18 AUG - 24 AUG 2019

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India’s current economic slowdown is due to a combination of two underlying factors.. First, there is the short-run cyclical slowdown showed by a number of high-frequency indicators, reflecting a significant fall in demand, especially for sectors such as automobiles, consumer durables and housing.
Second, there is the more serious long-term fall in investment and savings rates. Raising growth requires that attention be paid to both cyclical and structural dimensions of the problem.
Assuming an Incremental Capital Output Ratio (ICOR) of 4, this meant a fall of nearly 1.4% points in the potential growth rate. The fall consisted of sectoral decreases in the household, private corporate and public sectors (as indicated in the table).It is noticeable that the fall in the household sector’s investment rate got arrested by 2015-16. However, by then, the rate had already fallen by 6.3% points. From 2016-17, the sector’s investment rate even showed some recovery.
The Gross Domestic Savings Rate also fell between 2011-12 and 2017-18 by 4.1% points, from 34.6% of GDP to 30.5%. However, this fall was entirely due to the household sector, with the private corporate and public sectors showing increases in their savings rates by margins of 2.2% points and 0.2% points, respectively.  Private corporate and public sectors were the deficit sectors, financing their deficits from the surplus savings of the household sector. In addition, net inflow of foreign capital added to the flow of investible resources.
Reducing the repo rate by a  margin of 110 basis points in 2019 has not as yet resulted a noticeable growth . Complementary fiscal stimulus, in the form of additional public sector investment, may prove to be a viable option.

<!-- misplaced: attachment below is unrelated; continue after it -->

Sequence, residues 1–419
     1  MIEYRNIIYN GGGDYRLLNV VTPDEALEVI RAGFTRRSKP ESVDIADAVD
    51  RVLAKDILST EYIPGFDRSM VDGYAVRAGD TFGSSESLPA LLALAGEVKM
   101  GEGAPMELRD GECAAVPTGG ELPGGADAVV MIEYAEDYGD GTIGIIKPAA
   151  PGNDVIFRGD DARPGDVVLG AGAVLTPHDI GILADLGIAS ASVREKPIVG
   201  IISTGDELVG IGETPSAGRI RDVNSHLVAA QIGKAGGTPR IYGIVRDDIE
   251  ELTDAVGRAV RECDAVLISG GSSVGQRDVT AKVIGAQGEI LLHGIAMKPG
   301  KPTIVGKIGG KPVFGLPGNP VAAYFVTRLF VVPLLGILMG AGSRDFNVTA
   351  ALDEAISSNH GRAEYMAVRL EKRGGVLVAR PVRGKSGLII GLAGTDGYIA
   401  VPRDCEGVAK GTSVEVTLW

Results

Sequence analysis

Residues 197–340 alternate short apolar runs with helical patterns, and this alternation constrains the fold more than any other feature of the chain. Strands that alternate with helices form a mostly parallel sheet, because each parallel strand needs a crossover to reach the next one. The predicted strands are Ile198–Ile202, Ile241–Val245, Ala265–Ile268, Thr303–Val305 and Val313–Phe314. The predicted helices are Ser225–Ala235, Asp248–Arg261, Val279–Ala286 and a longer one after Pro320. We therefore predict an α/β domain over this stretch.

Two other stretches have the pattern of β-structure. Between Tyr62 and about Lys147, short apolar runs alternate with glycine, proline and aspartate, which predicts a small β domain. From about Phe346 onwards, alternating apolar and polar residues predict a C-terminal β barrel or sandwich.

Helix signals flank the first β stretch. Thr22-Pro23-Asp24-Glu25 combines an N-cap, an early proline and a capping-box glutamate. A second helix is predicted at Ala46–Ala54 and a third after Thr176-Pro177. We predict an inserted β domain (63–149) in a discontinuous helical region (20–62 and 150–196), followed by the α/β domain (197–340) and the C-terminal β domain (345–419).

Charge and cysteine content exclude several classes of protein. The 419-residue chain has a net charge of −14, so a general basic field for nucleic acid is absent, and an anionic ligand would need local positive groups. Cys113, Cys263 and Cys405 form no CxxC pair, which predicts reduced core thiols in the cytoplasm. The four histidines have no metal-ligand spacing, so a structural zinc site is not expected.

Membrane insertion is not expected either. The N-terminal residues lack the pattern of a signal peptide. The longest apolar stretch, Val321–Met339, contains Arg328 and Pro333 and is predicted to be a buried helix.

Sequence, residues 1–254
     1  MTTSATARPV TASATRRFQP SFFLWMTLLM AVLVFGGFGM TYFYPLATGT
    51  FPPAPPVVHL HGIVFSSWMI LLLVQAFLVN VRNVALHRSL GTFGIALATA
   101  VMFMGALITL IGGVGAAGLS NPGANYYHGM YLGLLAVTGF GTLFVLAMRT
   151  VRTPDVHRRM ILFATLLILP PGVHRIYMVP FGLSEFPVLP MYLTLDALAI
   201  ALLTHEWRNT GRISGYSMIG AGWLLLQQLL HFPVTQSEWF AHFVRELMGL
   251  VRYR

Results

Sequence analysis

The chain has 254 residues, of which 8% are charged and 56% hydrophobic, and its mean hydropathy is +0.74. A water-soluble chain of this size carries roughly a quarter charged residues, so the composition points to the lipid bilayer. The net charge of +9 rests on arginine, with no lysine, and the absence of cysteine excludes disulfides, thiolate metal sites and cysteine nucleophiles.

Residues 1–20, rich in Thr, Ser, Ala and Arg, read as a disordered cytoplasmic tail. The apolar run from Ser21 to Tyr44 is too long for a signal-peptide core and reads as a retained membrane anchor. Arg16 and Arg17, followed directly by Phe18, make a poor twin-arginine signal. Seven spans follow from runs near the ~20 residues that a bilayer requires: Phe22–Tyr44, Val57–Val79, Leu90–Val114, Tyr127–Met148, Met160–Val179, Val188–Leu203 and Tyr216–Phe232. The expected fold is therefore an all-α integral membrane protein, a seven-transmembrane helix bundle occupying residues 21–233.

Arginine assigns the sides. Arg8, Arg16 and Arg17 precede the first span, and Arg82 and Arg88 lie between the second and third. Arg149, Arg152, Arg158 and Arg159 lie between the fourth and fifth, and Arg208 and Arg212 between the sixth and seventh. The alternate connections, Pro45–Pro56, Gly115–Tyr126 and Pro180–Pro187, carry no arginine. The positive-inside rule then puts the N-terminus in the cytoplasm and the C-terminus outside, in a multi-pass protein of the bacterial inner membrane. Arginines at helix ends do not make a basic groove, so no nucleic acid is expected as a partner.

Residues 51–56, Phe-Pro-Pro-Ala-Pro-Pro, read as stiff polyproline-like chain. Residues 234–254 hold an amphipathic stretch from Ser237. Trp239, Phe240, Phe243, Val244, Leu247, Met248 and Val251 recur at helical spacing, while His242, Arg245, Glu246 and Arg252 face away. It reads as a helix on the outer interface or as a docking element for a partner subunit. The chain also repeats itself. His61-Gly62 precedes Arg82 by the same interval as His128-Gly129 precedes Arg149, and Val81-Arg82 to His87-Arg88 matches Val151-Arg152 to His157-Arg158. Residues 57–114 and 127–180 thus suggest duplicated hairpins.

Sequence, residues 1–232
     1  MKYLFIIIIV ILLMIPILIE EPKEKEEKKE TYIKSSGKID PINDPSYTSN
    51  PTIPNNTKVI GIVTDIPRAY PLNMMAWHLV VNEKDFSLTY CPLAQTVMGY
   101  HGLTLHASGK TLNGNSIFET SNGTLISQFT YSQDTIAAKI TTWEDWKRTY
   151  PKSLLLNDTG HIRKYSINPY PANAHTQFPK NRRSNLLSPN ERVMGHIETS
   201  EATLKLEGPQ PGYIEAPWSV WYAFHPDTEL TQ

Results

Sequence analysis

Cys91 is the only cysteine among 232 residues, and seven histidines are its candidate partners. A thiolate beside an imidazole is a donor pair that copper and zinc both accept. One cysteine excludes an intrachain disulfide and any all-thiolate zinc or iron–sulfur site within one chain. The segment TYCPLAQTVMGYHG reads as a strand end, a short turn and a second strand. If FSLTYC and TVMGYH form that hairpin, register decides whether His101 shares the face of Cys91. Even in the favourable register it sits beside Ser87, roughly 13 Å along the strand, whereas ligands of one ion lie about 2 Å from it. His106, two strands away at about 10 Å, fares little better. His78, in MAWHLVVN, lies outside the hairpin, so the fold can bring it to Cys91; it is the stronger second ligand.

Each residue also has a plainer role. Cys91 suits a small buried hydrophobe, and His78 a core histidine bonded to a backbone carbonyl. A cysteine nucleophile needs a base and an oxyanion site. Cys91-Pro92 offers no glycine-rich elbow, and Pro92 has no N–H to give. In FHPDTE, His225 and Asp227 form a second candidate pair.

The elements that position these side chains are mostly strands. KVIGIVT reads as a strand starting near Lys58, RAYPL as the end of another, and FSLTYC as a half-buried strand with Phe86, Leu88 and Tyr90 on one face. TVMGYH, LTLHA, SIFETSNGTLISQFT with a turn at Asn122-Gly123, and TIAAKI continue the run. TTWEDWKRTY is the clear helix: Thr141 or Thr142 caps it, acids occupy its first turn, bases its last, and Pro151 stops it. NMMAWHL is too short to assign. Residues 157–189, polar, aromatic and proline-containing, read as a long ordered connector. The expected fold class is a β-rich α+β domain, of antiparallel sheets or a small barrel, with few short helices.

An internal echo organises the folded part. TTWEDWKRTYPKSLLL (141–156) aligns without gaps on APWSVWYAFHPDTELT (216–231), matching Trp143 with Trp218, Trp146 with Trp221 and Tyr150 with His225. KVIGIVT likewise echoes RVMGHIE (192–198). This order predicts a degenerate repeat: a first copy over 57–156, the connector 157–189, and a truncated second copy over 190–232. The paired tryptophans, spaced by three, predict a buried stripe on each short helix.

However, due to constraint in fiscal stimulus there is limited flexibility for increasing centre’s capital expenditure directly. In the 2019-20 budget, this is estimated to be 1.6% of GDP. There may be some expansion, if additional dividends from the Reserve Bank of India (RBI) flow to the government. Further, there may be some possible additional disinvestment.The way to meet slowing demand is to increase government expenditure. In the current situation, there can be an increase in government expenditure but it has to be directed towards an increase in investment expenditure.
Another area that needs immediate attention is the financial system, which must be incited to lend more.On the structural reforms that are needed to push the economy onto a sustained high growth path, much can be said. We need a re-look at the Fiscal Responsibility and Budget Management Act (FRBM) Act. The government should actually move towards reducing the revenue deficit to zero. This can happen if the Centre focusses more on items on the Union list. Once this is achieved, the Central Government can be given full freedom over fiscal deficit, as the entire deficit will be directed towards meeting capital expenditures.

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